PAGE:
Digital, virtual, and immersive environments have come a long way since their inception.
On the other hand, with the recent release from OpenAI, Google, Chatsonic, and many other companies of Artificial Intelligence (AI) based tools, the importance of trust in AI has become a fundamental topic to unfold.
Considering that AI tools like ChatGPT generated 100 million active users in only two months since its release, a hyped and excited community around the world has started to use AI to generate marketing, educational, and professional content, with almost no boundaries to the intellectual property, ethical and moral implications that have been generated.
Bringing back the conversation around AI to the domain of digital, virtual, and immersive environments, a series of implications emerge from the use of this new disruptive conversational AI technology.
How would you feel if tomorrow you’d be chatting with an avatar that generates a dialogue based on an AI tool?
In a recent study developed at UCL (University College London) from the research group directed by Prof. Anthony Steed the integration of external (open-source) sources with social virtual reality (VR) proves that there is potential to enhance the way we collaborate within virtual environments.
With the Ubiq-Genie project researchers developed an open-source Ubiq social VR platform that provides a modular approach to server-assisted social VR applications.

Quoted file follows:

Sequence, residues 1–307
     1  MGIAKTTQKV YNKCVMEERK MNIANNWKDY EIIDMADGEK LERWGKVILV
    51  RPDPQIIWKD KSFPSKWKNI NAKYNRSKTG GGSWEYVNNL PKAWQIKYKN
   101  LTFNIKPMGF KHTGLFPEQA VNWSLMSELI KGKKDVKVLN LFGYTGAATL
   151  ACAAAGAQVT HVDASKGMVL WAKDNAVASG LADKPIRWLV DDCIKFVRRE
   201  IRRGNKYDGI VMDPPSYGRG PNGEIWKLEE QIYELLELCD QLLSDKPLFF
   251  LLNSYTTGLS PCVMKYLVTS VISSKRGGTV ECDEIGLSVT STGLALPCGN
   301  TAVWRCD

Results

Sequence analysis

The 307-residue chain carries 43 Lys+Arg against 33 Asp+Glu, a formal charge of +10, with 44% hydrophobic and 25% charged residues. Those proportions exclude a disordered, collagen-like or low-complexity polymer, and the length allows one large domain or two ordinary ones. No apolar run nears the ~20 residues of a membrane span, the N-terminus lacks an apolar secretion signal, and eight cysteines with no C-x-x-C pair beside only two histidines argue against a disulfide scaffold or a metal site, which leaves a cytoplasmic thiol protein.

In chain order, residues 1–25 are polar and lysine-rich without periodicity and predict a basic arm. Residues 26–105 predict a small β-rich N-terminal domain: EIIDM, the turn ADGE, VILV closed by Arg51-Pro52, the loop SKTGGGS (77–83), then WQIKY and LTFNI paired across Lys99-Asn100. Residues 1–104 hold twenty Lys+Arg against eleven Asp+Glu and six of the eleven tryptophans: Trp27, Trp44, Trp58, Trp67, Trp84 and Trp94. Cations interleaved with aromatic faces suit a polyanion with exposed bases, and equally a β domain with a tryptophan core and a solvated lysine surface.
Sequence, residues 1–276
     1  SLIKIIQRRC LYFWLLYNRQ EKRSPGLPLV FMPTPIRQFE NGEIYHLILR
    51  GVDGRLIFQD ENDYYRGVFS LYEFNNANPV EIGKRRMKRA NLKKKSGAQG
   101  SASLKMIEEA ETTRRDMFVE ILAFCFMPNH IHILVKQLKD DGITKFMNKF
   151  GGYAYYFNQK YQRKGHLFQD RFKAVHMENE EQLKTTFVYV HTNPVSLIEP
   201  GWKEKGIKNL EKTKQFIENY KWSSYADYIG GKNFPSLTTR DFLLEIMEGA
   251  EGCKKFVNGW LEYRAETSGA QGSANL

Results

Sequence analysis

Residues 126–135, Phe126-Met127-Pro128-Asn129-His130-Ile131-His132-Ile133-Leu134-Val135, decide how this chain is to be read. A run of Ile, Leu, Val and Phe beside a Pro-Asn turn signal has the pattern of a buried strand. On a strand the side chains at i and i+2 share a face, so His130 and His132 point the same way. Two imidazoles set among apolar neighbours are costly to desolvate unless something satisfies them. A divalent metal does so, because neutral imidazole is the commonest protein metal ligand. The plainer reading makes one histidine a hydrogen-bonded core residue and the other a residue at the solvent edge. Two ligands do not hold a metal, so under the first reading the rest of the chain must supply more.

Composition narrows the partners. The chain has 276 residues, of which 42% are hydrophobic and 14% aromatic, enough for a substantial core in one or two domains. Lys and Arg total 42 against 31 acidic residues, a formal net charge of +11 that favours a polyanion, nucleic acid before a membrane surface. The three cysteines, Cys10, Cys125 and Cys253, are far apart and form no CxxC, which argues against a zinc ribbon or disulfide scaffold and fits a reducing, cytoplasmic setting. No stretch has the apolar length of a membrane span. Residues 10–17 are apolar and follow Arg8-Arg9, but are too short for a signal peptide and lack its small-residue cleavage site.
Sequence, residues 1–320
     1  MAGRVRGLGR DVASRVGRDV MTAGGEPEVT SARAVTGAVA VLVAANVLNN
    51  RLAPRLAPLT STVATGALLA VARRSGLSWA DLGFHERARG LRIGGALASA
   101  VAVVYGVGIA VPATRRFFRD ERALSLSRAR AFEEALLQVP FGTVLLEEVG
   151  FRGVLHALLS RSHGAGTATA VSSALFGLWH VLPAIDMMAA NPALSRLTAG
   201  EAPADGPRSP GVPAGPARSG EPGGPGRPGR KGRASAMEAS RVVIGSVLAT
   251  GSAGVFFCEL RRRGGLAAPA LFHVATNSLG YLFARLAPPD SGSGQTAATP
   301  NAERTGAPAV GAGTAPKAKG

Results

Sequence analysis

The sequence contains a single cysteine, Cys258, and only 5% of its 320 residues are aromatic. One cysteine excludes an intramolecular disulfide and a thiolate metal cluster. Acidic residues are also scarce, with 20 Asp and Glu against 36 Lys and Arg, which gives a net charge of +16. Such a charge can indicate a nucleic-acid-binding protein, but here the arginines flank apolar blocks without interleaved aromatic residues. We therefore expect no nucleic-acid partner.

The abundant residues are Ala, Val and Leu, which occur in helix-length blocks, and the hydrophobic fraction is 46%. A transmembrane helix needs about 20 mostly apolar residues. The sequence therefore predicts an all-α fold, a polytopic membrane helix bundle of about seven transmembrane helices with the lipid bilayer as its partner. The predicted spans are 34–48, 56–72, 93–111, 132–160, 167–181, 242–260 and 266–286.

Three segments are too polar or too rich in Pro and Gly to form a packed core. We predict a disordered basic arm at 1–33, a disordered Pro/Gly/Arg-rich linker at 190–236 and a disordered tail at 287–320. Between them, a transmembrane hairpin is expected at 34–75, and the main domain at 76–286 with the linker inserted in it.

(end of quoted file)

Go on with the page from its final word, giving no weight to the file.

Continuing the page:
Two prototypes of collaborative applications were created to showcase the potential of Ubiq-Genie in the context of generative AI including an embodied conversational agent based on ChatGPT and a voice-controlled texture generation method based on Stable Diffusion 2.0.
The prototypes allow users to collaboratively interact with a conversational agent through voice prompts in a virtual environment.
The agent is represented by a robot-like avatar and has the ability to engage in multi-party conversations with users. Users can interact with the agent through voice prompts, ranging from simple questions to complex questions involving other users. The agent’s response is spatialized and accompanied by hand gestures and a visual speech indicator. The agent also turns towards the users who speak to indicate that it is listening.
This study provides a great example of how a robot-like avatar offers the ability to engage in multi-party conversations in cooperation with avatars represented by human beings.
This study shows that with AI-based tools, there are limitless opportunities to build new content, animate avatars, generate conversations, and much more.
However, with these disruptive technologies, we might incur the chance of generating a phenomenon called the “uncanny valley” which has been previously created in the domain of robot development.
The uncanny valley phenomenon can be described as an eerie or unsettling feeling that some people experience in response to not-quite-human figures like humanoid robots and lifelike computer-generated characters.